The Braves acquired Sean Newcomb in the trade that sent Andrelton Simmons to the Angels.

Newcomb starting to look like pitcher Braves thought he could be

The imposing left-hander from Massachusetts has figured out a lot of things, including how to utilize his change-up as far more than third pitch he throws only occasionally, which is what it used to be. 

Now it’s as important as his curveball, both complementing a fastball in the mid-90 mph range that looks even harder when hitters must be aware of those other two pitches.

“It’s definitely been a big pitch to help my fastball out,” said Newcomb, who takes a 3-1 record and 2.88 ERA into his eight start Sunday afternoon, a series finale against Miami at Marlins Park. “With (the change-up) being more in the zone, my fastball kind of makes my change-up play up, and then on the backside of that, my fastball plays up even more. So it’s been good. It’s been a good change of pace on my off-speed pitches, to kind of switch it off from my curve.”

If that explanation seems a bit difficult to sort out, just know that facing Newcomb is tougher now that he’s throwing his change-up -- it’s particularly effective against right-handers -- and now that he’s developed better and more consistent command of all pitches. He’s not as likely to walk four or five batters in a game as he was as a rookie.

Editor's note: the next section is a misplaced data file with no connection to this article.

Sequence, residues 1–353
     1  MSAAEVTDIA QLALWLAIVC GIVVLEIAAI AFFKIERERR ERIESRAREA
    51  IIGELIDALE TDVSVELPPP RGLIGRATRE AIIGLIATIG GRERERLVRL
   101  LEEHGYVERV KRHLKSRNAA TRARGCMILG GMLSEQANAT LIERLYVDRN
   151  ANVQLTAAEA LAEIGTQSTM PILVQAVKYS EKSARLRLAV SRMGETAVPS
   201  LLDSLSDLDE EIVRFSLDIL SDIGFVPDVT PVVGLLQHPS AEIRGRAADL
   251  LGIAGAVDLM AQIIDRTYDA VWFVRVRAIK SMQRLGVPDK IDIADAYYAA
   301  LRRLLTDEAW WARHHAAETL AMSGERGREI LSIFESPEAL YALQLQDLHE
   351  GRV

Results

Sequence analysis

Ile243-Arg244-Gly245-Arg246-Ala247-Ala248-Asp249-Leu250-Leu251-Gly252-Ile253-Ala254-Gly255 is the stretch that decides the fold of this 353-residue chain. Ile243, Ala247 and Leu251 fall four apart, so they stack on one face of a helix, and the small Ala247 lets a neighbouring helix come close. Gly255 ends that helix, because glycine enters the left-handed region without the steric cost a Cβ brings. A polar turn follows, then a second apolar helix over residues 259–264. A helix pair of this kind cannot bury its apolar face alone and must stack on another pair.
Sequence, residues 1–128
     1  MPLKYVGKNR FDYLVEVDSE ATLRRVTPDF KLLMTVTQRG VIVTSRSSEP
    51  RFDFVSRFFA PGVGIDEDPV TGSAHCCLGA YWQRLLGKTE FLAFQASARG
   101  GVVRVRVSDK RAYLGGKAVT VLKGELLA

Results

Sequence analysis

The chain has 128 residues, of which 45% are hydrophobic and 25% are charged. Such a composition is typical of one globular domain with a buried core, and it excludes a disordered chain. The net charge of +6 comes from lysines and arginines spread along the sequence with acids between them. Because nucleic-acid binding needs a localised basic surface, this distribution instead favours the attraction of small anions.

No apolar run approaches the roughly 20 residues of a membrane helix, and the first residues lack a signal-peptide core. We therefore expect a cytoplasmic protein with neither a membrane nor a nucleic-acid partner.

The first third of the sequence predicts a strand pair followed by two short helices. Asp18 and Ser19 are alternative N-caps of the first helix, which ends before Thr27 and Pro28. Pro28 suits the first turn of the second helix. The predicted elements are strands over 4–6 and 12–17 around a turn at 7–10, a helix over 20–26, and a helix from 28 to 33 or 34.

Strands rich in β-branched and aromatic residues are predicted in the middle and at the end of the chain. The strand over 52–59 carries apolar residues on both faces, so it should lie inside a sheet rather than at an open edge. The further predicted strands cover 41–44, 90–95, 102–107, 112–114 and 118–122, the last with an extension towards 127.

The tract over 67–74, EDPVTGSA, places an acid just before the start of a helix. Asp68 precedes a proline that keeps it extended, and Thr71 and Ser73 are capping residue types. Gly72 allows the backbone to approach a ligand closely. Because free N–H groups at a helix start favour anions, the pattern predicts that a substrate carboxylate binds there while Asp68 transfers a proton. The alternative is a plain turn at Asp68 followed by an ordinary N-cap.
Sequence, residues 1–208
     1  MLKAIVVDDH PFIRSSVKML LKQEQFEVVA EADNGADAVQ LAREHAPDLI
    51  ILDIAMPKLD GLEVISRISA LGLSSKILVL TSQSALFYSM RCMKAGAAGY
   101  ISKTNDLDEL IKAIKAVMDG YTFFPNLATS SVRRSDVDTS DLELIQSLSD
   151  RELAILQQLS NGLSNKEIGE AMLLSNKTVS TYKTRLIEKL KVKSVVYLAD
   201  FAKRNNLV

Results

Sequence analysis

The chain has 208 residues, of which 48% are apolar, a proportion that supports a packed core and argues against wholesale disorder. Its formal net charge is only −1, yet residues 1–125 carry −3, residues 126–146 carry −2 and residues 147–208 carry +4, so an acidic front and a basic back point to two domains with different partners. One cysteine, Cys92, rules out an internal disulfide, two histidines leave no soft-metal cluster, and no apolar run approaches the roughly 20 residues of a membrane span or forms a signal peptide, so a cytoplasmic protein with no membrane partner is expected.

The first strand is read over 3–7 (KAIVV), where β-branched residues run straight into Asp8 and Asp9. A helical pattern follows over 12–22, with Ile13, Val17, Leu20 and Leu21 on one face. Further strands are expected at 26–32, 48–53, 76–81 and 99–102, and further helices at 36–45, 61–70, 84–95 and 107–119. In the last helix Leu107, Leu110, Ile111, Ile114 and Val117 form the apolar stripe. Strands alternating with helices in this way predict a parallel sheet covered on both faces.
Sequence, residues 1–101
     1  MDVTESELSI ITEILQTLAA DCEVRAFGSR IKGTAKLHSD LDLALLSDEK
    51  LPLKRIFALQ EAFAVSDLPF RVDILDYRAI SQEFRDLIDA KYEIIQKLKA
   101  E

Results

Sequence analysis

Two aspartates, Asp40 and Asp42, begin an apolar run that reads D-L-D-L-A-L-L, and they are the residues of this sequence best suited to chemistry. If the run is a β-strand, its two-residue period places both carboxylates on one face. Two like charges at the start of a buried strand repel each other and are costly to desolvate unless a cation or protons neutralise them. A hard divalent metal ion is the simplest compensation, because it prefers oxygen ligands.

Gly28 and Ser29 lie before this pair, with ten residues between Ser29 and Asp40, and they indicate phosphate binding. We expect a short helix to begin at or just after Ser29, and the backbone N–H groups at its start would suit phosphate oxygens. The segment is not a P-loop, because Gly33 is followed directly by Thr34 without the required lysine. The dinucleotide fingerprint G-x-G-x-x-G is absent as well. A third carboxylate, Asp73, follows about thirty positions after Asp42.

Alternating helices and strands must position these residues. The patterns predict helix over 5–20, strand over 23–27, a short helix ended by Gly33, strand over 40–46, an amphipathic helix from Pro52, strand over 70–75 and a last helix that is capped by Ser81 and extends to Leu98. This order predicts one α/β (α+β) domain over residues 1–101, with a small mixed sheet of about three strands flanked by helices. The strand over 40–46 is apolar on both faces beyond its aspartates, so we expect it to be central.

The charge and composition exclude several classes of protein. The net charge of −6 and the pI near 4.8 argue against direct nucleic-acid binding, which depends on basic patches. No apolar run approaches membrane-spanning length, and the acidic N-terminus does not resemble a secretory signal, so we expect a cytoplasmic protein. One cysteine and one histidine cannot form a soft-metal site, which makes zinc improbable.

Hitters who go to the plate waiting until after he throws a strike to take their first swing are more likely than before to find themselves behind in the count against a pitcher who has the stuff to put them away quickly when he gets ahead in counts.

Newcomb checks in at 6-foot-5 and between 250 and 260 pounds – “The hot weather knocks it down sometimes,” he said of his weight – and has a real presence on the mound. He’s been overshadowed by some younger Braves, including phenom outfielder Ronald Acuna and top pitching prospect Mike Soroka, the two youngest current major leaguers. 

But Newcomb, at age 24 and after only 26 major league starts, is looking like a guy with the talent to become a middle- or top-of-rotation fixture for years to come.

After giving up five hits and six runs (five earned) with four walks in 4-1/3 innings of an April 2 loss to the Nationals in his season debut, including a three-run homer to Bryce Harper in the second inning, Newcomb has gone 3-0 with a 1.98 ERA in his past six starts. He’s posted a 1.10 WHIP, .200 opponents’ average and puny .560 opponents’ OPS in that stretch with 42 strikeouts, 14 walks and only two homers allowed in 36-1/3 innings.

He said he learned from his struggles as a rookie in 2017, when he was 4-9 with a 4.32 ERA and had 57 walks with 108 strikeouts in 100 innings.

“Last year I had some starts where I (learned) a lot out of things not going my way, just kind of taking a step back and looking at it afterward, seeing what I did wrong,” he said. “Other than that (fastball that Harper hit for a homer in his first start this season) I feel like I’ve been doing pretty well so far. So just keep focusing on what’s working for me and keep doing that.”

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